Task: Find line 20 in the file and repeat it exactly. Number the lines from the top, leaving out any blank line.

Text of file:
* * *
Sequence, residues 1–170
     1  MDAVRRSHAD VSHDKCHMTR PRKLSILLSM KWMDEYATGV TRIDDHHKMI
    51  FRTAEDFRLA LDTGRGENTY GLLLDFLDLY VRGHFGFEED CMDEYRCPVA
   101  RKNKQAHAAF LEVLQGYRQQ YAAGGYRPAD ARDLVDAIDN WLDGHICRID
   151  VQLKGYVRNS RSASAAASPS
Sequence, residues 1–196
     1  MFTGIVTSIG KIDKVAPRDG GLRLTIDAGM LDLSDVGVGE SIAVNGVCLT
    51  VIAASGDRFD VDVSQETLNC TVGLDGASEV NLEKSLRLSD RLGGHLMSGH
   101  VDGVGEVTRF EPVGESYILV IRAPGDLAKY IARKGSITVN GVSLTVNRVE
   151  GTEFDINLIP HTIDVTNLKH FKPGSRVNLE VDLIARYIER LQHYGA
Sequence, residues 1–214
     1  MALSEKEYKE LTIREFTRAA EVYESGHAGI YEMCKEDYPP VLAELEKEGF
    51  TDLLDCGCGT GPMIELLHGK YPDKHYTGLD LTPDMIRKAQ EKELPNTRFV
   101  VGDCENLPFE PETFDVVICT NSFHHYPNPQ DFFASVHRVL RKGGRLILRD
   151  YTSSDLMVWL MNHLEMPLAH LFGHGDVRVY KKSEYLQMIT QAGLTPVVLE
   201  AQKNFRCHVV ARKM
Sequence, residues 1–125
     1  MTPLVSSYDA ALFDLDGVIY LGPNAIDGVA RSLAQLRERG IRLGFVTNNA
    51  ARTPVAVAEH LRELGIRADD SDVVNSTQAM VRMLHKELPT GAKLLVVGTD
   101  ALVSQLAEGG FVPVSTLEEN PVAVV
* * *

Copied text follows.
   101  ALVSQLAEGG FVPVSTLEEN PVAVV